For 2018, take whatever you have been doing in Scripture memory and challenge yourself to do just a little bit more. For some of you, this may mean learning a verse a week. That would be great since you would have stored 52 verses of God’s word in your heart by the end of the year. For those of you who are memorizing a couple of verses a week, see if you cannot add to that total by a couple more a week. Also, maybe this is the year that you need to memorize an entire book of the Bible for the first time.

We need to understand, though, that the key to long-term Scripture memory is reviewing the verses you have already memorized. It does not take long to lose verses that you memorized when you have not looked over in a while, but you will find that a regular review schedule will help you keep memory verses fresh in your mind. If you use an app like ScriptureTyper, it has a built-in review schedule you can use.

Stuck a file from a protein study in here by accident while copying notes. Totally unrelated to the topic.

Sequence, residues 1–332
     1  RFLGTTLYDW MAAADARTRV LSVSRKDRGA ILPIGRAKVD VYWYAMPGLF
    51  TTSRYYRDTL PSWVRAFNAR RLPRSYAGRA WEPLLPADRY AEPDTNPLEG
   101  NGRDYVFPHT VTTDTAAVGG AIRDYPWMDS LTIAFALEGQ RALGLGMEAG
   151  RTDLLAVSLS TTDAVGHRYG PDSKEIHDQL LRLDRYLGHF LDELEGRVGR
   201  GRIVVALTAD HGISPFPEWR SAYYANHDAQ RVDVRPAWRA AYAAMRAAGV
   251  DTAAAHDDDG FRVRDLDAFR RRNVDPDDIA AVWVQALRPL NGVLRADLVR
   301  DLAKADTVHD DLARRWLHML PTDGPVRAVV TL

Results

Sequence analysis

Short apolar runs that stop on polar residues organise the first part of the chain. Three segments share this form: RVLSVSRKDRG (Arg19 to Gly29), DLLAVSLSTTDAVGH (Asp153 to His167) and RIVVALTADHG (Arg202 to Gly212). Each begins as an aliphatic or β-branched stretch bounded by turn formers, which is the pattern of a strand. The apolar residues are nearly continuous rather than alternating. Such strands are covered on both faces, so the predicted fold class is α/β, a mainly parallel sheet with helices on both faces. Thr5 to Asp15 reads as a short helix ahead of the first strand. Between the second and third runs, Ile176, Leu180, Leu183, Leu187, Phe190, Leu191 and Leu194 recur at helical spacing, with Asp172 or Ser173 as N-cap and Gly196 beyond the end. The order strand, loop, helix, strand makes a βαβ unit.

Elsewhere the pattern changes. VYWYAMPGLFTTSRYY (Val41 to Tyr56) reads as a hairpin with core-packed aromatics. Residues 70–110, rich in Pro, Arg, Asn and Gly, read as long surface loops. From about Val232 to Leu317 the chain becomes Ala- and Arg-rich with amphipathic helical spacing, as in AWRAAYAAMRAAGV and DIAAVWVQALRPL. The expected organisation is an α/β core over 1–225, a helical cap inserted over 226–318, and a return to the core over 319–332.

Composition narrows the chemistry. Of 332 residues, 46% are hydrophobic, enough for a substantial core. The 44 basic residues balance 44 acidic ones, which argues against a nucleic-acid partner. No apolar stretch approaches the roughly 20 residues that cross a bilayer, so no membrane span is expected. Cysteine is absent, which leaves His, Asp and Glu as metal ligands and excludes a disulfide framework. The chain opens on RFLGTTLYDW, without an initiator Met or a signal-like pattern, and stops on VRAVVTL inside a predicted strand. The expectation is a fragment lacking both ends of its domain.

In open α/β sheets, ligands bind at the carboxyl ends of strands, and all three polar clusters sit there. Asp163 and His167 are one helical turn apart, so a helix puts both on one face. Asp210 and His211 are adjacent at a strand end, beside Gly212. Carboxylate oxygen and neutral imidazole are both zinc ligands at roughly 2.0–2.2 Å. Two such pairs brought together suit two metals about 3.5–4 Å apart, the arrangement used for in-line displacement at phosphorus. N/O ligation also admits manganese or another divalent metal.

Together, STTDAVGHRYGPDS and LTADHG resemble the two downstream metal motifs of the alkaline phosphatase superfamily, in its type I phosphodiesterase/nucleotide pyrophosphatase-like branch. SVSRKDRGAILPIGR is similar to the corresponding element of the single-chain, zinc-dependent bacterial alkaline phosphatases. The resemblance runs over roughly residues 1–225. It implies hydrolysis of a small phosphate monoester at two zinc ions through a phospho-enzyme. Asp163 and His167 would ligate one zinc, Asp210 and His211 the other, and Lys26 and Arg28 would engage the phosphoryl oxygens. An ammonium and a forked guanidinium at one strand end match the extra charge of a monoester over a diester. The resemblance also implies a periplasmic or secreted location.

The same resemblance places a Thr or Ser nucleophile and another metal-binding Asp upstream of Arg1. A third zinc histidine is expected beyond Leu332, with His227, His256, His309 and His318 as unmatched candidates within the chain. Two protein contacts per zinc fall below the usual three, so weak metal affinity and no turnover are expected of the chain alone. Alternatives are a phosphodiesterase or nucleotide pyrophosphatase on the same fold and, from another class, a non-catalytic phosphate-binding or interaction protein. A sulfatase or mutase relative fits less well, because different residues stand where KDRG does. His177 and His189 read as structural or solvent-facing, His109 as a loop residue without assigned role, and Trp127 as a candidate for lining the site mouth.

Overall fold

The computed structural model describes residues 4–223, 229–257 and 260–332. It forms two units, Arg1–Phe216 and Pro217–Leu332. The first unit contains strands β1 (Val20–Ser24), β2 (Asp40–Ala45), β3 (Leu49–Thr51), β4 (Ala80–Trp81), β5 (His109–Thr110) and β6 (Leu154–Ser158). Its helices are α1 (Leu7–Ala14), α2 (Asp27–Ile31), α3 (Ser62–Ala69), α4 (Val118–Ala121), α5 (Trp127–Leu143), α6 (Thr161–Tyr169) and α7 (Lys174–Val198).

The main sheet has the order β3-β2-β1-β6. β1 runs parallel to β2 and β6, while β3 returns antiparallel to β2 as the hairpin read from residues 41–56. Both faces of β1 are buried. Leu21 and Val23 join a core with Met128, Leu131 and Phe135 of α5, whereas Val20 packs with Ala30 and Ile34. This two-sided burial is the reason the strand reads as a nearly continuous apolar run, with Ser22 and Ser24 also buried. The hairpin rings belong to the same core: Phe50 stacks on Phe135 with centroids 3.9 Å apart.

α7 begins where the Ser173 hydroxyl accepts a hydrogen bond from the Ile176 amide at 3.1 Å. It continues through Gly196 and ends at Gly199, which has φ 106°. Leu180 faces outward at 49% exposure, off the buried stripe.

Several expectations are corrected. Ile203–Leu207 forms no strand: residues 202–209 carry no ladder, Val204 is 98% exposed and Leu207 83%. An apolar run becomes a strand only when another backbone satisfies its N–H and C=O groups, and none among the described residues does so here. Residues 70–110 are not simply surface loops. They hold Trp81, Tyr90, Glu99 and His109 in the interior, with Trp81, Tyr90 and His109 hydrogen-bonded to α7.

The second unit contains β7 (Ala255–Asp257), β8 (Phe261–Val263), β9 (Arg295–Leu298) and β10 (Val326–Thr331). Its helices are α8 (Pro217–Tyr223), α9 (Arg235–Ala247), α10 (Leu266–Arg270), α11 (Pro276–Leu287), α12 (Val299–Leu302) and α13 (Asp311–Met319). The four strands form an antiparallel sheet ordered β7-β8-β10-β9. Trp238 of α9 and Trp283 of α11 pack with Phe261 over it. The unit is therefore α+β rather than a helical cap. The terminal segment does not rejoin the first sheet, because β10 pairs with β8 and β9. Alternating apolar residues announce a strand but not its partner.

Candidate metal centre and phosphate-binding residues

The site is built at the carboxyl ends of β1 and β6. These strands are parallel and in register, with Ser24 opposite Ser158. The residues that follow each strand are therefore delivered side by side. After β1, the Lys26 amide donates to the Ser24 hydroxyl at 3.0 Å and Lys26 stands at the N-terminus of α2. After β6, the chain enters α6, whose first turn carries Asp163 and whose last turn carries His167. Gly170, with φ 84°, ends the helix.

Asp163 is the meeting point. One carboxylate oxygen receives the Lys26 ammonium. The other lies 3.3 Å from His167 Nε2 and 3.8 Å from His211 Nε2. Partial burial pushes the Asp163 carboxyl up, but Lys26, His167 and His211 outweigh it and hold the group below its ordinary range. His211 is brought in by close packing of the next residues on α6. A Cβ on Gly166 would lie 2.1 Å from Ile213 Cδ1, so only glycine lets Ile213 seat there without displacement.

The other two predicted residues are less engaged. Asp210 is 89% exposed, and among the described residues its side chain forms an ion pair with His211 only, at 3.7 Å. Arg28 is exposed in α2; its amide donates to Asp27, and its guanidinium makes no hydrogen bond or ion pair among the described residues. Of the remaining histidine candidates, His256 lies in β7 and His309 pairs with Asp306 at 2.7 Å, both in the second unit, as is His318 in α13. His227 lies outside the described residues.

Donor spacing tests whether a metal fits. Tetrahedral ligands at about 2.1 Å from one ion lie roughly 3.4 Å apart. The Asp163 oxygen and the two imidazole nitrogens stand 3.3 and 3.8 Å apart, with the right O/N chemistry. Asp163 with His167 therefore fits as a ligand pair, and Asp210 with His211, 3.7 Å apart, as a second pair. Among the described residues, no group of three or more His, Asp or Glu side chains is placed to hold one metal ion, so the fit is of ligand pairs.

(If you need to know where to get started memorizing God’s word, you can work through this list of your first 15 verses to memorize or this list of eight longer passages to memorize.)

Pray During Your Bible Reading

When I was a young Christian, I often thought that Bible reading and prayer were two separate activities. I would read my Bible, then close it, and pull out my prayer list. Thankfully, someone recommended Donald Whitney’s Spiritual Disciplines for the Christian Life when I was still in college and it helped me bridge the gap between my prayer and Bible reading.